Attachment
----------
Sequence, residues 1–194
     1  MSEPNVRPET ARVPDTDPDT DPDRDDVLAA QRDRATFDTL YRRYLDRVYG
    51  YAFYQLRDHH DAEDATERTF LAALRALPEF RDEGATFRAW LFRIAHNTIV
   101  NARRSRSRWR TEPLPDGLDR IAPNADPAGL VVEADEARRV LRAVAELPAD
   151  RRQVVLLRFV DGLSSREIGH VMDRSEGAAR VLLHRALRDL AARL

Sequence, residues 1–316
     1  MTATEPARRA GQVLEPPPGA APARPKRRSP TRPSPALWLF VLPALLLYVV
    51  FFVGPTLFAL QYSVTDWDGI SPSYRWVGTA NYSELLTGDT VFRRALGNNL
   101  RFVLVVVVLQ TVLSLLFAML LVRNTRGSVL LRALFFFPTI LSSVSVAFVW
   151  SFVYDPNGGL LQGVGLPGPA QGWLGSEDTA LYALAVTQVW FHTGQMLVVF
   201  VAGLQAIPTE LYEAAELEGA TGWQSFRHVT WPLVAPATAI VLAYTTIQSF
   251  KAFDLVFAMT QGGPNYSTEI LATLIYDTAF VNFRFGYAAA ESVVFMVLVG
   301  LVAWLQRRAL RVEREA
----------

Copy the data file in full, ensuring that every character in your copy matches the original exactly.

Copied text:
Sequence, residues 1–194
     1  MSEPNVRPET ARVPDTDPDT DPDRDDVLAA QRDRATFDTL YRRYLDRVYG
    51  YAFYQLRDHH DAEDATERTF LAALRALPEF RDEGATFRAW LFRIAHNTIV
   101  NARRSRSRWR TEPLPDGLDR IAPNADPAGL VVEADEARRV LRAVAELPAD
   151  RRQVVLLRFV DGLSSREIGH VMDRSEGAAR VLLHRALRDL AARL

Sequence, residues 1–316
     1  MTATEPARRA GQVLEPPPGA APARPKRRSP TRPSPALWLF VLPALLLYVV
    51  FFVGPTLFAL QYSVTDWDGI SPSYRWVGTA NYSELLTGDT VFRRALGNNL
   101  RFVLVVVVLQ TVLSLLFAML LVRNTRGSVL LRALFFFPTI LSSVSVAFVW
   151  SFVYDPNGGL LQGVGLPGPA QGWLGSEDTA LYALAVTQVW FHTGQMLVVF
   201  VAGLQAIPTE LYEAAELEGA TGWQSFRHVT WPLVAPATAI VLAYTTIQSF
   251  KAFDLVFAMT QGGPNYSTEI LATLIYDTAF VNFRFGYAAA ESVVFMVLVG
   301  LVAWLQRRAL RVEREA